‘We failed – why our dream eco-business collapsed’

With the number of companies going bust in England and Wales last yearcompany closures are on track to be the highest since the financial crisis in 2009. Are entrepreneurs prepared to deal with the fallout from failure?
In fact, the stigma around business failure has dissolved in recent years and entrepreneurs are increasingly comfortable talking about it.

A high degree of failure is inevitable in business. In general, more than half of start-ups fail within five years. And that’s before you take into account the challenges in the current economic climate.

One pair of entrepreneurs happy to open up about their business failure so that others can learn from their mistakes is the husband-and-wife team behind eco-friendly retailer Non Plastic Beach, which folded this summer.

Gareth and Nicola Dean, both aged 42 and from Oxfordshire, set up their business in 2018.

Gareth had 20 years’ experience working in PR for the automotive industry. Nicola is a qualified chartered accountant, teaching on a freelance basis. But like many, they harboured an idea for a dream business. And they believed their skills could complement each other.

“The inspiration came from a holiday to Mauritius,” says Gareth. “We are both keen divers and we kept seeing plastic bags on the reef.”

So they began sourcing and creating products that were made and packaged in an environmentally friendly way.

Gareth took voluntary redundancy to go full-time with their business idea.

To begin with, they sold around 60% of products directly via their own website, and 40% through retailers they met at trade shows. They were sending pallets of products to retailers as far afield as Portugal and the Falkland Islands.

An early success was providing Etihad Airways with a consignment of toothpaste tablets for their first plastic-free flight.

‘Huge challenge’

The point when they first realised the business might fold, says Gareth, came with the mini-budget of September 2022.

Demand from the website and retailers suddenly fell as even people who by most standards were well-off felt they had to change their spending habits.

“Our customers were now having to make hard choices about spending a little extra on an eco-product or simply buying whichever version of that product they could afford,” says Nicola.

But the macroeconomic circumstances had been against them from the start, reflects Gareth.

“Unprecedented shocks in the economy, all sequentially, year-on-year, would be a huge challenge for any new business,” he argues.

“In the final quarter of 2019, 25% of our business was with the EU. After [Britain left the EU], that fell off a cliff to 0,5% and never recovered.”

After Brexit, there was the war in Ukraine and the resulting high energy prices also had a big impact on consumer spending, he says.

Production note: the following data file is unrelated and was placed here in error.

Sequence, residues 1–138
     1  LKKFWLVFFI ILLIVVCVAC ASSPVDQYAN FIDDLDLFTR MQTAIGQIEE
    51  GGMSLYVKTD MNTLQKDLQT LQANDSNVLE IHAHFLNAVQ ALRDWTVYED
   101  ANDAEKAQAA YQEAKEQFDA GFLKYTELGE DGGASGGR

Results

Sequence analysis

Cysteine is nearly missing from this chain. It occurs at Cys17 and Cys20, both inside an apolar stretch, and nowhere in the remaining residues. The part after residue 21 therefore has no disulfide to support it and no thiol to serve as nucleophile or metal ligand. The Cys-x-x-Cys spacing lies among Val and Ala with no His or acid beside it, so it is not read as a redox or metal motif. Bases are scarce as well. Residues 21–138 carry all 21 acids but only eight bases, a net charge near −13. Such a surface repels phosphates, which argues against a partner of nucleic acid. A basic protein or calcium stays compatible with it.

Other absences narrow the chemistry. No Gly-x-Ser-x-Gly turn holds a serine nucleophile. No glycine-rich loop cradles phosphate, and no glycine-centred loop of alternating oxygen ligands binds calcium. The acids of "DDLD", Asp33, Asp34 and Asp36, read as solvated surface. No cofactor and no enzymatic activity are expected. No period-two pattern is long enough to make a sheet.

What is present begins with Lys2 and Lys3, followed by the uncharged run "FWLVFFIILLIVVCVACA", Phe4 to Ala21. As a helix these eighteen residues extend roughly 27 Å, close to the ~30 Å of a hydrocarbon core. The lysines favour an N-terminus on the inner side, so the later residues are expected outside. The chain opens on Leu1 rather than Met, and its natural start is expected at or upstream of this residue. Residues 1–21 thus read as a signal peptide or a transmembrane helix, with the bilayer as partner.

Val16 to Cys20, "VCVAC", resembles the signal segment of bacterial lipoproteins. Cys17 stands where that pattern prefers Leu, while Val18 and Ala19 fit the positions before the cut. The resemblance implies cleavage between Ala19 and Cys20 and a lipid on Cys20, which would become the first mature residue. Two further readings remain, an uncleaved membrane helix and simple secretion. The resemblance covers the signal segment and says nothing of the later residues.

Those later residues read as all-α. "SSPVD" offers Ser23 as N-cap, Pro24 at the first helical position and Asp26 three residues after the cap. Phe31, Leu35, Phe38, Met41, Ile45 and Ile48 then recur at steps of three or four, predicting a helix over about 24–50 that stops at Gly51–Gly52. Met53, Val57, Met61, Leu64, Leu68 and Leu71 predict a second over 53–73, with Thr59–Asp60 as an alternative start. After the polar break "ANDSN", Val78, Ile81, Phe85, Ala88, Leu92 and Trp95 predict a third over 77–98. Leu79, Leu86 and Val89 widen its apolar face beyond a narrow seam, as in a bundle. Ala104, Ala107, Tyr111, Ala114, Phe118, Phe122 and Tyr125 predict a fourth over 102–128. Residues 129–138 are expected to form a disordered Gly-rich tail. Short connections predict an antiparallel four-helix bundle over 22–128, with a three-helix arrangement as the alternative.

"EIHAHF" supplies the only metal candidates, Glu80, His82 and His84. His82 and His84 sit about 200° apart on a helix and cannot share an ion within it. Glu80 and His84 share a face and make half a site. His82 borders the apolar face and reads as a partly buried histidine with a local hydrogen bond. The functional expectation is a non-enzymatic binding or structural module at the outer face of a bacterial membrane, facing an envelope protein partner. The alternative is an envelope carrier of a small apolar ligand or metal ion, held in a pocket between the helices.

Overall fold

In January this year, Gareth went back to working full-time as an employee, finding a job doing PR for an e-mobility firm. Nicola worked freelance in accountancy again to try to keep the business afloat.

But it was to no avail and they were forced to stop trading in June.

Lessons learned

Despite his background in marketing, Gareth puts one crucial error down to publicity and advertising.

He was too reliant on Facebook marketing and too slow to react when that ceased to be so effective, he says.

This happened after Apple introduced privacy setting changes on its iPhones in 2021, so Facebook couldn’t automatically track which sites users were visiting to build an accurate profile of customer habits.

This led to less targeted advertising, more wasted money and a decline in direct-to-consumer sales through their website, says Gareth.

He wishes he had spotted this trend earlier and stopped spending – you need to react quickly when you are running a small business on tight margins, he now realises.

He also wishes he had gone to more trade fairs sooner as you can negotiate better margins with retailers, which could have helped the business grow.

When you are running a small business, it really becomes part of your personal identity, says Gareth. So when it collapses, it is very tough to deal with.

But he and his wife were touched by the messages of support they received on social media, which really helped. Many people were shocked when they found out about the demise of the business.

“I guess they assume from social media that everything is always going smoothly,” muses Gareth.

But one of the best things about being part of a husband-and-wife team, he says, is that you’ve been in it together and you have each other for emotional support.

“I feel that doing something like this again is almost inevitable,” says Nicola. “I don’t know what that would be, and we need to recover from this one first, but I’m certainly not ruling it out.

“There’s something magical about running your own business.”

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